What would be state's stand on 'Made Made Snana' in anti-Superstition bill?

First Published 27, Sep 2017, 2:48 PM IST
What would be states stand on Made Made Snana in anti Superstition bill
Highlights
  • The ritual involves people from lower caste rolling over the leftover food served to brahmins
  • They believe that this cures them of skin disease, infertility and also shed their past karma
  • The ritual has been banned by the Supreme Court and the High court has suggested for a modified version of the ritual, 'Ede Snana'

With the State government all set to table the controversial bill - The Karnataka Evil, Inhuman and Superstitious Practices Prevention and Eradication Bill - speculations are rife whether the controversial practice 'Made Made snana' will be included in the bill.

The ritual is performed at the Kukke Subrahmanya temple premises in Dakshina Kannada district during the Champa Shasthi festival for three days. The ritual involves people from 'lower castes' including those from SC/ST rolling on plantain leaves with leftover food served to Brahmins in the Subrahmanya temple as they believe that it may cure skin diseases. Not just that some also believe that by performing the ritual, it would clear their past karma, cure infertility and so on. 

Also read: 5 superstitious beliefs that made Karnataka infamous once

However, the practice had come under severe criticism from rationalists. But those who parttake in the ritual had claimed that they voluntarily perform the ritual without any force either from temple or anyone.

Since the Congress government has come to power, the issue has gained a lot of significance forcing the government to consider banning it. The issue had reached the High Court in 2012 where it  was stayed but was later sent for a modification. The modification was instead of rolling over food leftover by Brahmins, believers could roll over 'naivedya' food offered to the diety. The court said that since this food was not tasted or partially eaten by anyone, believers can practice the ritual. However, in 2014, the Supreme Court banned the ritual of 'Made Made Snana' and 'urulu seve' (offering to god through rolling over).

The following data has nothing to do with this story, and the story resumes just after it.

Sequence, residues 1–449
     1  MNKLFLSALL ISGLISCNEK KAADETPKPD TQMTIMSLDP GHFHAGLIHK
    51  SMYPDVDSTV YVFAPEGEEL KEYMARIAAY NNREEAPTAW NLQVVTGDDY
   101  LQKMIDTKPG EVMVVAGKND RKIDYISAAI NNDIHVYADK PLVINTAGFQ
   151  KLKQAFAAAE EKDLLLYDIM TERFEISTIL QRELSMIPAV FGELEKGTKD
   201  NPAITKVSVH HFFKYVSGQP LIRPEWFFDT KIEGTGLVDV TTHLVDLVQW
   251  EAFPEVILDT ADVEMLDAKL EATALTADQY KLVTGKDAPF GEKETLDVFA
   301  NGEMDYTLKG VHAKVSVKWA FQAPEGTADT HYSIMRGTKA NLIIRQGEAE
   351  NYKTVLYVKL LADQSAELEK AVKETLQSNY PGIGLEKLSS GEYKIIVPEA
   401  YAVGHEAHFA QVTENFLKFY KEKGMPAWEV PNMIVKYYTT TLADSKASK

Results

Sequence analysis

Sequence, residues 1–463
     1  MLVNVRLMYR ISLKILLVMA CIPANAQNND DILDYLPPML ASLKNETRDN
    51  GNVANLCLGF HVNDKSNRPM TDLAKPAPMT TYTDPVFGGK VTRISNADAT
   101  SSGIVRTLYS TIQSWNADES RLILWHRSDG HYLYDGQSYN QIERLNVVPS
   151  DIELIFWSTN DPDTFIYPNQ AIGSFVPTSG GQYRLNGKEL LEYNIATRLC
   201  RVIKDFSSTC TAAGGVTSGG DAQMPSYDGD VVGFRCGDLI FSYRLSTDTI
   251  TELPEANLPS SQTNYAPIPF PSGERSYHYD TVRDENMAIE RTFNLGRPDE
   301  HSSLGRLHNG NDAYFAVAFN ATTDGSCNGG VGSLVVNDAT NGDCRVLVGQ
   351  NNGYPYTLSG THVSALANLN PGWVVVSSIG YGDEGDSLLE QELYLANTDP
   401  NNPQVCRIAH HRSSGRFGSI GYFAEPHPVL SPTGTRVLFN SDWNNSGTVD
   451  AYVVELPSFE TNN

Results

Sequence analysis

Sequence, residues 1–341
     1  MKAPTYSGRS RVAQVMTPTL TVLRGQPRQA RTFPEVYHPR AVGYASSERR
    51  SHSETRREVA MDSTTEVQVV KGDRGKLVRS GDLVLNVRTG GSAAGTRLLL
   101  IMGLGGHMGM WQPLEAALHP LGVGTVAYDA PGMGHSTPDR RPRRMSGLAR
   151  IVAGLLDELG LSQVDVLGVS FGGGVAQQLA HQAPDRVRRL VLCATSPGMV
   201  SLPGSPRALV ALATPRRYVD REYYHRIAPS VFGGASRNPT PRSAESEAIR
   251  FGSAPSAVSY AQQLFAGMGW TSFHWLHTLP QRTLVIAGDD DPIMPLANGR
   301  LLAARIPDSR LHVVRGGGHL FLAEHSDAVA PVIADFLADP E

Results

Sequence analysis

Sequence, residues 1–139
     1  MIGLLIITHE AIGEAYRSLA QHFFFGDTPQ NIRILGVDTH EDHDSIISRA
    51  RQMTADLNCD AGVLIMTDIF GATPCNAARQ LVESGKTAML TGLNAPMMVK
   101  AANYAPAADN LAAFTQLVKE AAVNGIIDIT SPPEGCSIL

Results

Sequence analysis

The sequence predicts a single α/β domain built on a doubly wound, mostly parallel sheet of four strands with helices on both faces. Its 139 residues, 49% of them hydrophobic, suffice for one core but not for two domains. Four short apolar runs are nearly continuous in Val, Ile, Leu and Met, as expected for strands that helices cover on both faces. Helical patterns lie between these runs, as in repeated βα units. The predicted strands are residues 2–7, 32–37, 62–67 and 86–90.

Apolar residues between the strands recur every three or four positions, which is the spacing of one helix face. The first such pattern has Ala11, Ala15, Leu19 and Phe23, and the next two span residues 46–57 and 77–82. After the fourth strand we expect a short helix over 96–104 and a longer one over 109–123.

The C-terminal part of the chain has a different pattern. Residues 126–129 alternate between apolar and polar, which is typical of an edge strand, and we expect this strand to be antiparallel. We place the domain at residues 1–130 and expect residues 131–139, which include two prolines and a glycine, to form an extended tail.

While the Apex Court had stayed the ritual, there were reports that it was still practiced. However, now, the state government's The Karnataka Evil, Inhuman and Superstitious Practices Prevention and Eradication Bill or popularly known as the anti-superstition bill may include the 'Made Made Snana' in the banned rituals list. The bill has been drafted on the lines of Prevention and Eradicaton of Human Sacrifices and Other Inhuman, Evil and Aghori Practices and Black Magic Act, 2013 implemented by the Maharashtra government.

Apart from 'Made Made Snana', the Bill is expected to curb evil practices like human sacrifice, exorcism, parading women in THE naked and killing animals. Other practices to be banned are whipping people, sexual exploitation by invoking supernatural powers, banamati, 'Sidi', shaving widows' heads and also 'Panktibedha' - where brahmin devotees are served food separate from other devotees. However, the bill may not interfere with astrology and Vaastu. Various universities are offering courses in astrology as it is considered ancient science and Vaastu is included in architecture, these days.  

loader